International students are now placing top priority on teaching quality instead of rankings, a new study by Hobsons found.
Students heading abroad to study also find staff qualification and student satisfaction more important than a university’s performance on rankings charts – a result Hobsons say may pave the way for lower-ranked schools to appeal to international students via other methods.
“These findings show there is much universities can do to appeal to international students by demonstrating the strength of their offer in terms other than rankings,” Hobsons EMEA managing director Jeremy Cooper said in a statement.
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The student recruitment and retention solutions company surveyed 62,366 prospective students from 196 nationalities based on the database of 65 universities.
Apart from finding 79 percent of respondents would choose a school based on excellent teaching quality over one with high rankings, the report also revealed how social media is now students’ main way to get information about universities.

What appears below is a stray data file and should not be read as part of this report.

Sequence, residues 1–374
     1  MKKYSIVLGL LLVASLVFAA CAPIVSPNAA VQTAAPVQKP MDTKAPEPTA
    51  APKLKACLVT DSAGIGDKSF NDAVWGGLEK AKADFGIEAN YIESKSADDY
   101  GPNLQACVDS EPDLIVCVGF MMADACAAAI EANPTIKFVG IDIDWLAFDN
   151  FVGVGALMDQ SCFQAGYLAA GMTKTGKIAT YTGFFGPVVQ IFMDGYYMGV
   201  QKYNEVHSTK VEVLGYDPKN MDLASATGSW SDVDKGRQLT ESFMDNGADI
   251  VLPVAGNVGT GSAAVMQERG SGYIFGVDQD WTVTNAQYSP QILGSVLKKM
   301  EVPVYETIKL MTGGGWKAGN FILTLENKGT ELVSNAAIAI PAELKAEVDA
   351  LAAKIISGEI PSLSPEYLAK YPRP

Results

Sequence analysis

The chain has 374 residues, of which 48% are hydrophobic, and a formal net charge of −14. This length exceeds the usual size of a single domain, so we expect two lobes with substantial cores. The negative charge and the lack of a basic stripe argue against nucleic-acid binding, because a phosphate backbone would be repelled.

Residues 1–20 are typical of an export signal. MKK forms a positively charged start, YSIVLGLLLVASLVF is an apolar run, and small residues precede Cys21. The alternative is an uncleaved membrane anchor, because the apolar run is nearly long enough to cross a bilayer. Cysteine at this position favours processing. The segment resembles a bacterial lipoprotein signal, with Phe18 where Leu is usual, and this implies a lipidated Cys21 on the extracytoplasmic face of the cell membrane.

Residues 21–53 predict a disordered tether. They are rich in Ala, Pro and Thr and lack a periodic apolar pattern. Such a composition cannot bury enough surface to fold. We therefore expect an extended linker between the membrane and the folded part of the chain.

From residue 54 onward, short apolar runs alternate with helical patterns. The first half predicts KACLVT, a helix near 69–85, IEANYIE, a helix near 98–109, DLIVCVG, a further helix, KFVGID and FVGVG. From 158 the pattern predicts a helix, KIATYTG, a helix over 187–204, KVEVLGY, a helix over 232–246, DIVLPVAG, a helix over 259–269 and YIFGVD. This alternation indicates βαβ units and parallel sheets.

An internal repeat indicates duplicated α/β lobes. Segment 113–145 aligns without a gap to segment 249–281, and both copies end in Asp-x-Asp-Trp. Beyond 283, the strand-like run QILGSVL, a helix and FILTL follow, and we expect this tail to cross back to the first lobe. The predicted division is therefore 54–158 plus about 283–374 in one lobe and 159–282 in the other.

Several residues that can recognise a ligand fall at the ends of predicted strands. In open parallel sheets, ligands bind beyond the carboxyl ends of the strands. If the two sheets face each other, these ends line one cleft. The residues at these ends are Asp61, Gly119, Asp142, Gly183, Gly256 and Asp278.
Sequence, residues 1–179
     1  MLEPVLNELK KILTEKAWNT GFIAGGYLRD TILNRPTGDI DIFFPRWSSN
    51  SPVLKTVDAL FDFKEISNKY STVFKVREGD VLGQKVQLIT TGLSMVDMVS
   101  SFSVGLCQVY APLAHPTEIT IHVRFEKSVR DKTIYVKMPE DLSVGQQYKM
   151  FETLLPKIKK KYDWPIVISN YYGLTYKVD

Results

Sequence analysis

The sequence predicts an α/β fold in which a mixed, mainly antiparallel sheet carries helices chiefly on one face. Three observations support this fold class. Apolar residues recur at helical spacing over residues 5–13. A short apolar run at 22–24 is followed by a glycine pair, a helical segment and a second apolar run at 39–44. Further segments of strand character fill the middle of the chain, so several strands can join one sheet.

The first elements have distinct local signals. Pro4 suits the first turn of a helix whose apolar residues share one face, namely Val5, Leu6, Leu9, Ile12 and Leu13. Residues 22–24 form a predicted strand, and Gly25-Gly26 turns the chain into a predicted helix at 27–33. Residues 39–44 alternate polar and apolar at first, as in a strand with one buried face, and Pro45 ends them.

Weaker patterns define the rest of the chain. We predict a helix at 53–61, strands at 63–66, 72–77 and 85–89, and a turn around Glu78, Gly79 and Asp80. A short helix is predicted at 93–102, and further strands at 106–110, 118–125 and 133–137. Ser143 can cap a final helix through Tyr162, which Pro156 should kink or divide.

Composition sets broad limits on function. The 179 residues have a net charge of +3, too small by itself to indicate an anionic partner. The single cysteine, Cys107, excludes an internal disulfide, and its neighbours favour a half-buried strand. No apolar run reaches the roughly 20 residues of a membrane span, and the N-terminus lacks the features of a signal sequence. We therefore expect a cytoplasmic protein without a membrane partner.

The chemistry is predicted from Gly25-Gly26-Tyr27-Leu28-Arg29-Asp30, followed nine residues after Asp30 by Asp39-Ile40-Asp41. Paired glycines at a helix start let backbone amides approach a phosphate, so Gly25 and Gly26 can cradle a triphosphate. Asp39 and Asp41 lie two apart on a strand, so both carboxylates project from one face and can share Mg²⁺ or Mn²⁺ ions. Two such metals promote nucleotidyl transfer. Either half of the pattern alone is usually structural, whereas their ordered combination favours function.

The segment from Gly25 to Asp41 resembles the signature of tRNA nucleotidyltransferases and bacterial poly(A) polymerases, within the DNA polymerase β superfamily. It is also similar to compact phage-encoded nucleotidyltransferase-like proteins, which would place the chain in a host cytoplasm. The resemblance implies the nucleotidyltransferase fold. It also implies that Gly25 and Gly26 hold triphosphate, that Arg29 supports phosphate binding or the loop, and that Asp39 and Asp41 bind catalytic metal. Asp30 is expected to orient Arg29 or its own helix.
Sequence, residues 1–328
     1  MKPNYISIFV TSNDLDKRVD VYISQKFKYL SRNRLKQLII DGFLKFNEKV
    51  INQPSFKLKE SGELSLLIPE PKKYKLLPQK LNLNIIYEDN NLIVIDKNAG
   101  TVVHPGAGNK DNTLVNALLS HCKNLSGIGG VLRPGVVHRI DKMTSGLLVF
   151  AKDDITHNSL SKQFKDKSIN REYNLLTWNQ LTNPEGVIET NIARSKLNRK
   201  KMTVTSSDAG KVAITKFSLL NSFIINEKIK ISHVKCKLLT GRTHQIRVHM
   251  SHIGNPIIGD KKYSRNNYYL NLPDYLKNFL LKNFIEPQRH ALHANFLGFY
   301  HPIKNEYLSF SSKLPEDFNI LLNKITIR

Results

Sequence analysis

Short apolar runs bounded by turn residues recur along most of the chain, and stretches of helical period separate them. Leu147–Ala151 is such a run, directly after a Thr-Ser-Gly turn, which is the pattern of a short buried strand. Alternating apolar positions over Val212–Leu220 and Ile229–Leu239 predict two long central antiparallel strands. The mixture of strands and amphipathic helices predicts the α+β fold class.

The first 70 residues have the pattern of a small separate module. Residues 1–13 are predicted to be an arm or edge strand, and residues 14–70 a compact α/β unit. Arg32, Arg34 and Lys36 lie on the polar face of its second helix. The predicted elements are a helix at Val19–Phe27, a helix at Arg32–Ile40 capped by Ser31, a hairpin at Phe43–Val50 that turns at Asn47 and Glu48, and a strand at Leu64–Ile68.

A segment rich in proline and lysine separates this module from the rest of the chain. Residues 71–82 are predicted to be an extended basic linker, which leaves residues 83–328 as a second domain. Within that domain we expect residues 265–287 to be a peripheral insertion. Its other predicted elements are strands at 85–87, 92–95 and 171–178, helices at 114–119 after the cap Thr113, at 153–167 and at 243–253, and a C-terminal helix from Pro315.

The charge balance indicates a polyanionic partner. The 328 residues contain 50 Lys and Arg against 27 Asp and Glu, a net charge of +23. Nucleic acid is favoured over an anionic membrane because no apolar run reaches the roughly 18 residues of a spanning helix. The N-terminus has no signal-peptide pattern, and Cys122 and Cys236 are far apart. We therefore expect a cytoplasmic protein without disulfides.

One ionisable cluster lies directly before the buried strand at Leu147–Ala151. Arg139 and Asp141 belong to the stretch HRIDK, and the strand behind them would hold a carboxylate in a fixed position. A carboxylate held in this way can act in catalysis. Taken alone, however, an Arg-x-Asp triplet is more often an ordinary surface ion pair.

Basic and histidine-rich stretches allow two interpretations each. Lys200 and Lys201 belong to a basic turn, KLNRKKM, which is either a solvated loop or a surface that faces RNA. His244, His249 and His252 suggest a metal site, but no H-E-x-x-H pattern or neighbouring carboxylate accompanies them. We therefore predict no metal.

Some 85 percent of prospective students are now researching the schools the plan to go to on social channels. To get more information, almost half (45 percent) say they would like to be able to use social messaging app WhatsApp to communicate with the schools they are interested in, followed by Facebook (35 percent).
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Their reliance on social media spills onto the ensuing stages of their university search. A sizable number continue to use social media when applying, in deciding whether or not to accept an offer and after accepting an offer.
And when it then boils down to choosing a destination, students are found to be highly motivated by how welcome a place makes them feel.
“Above all, they want a high-quality education at an affordable cost in a place they will feel welcome,” the report said, adding universities recruitment drives need to articulate and demonstrate what they can offer clearly in these three areas – quality teaching, affordability and sense of welcome.
“Higher education plays an important role in the global economy, society and in nurturing generations to come. Universities need to respond dynamically to the strategic challenges higher education faces globally,” Cooper said.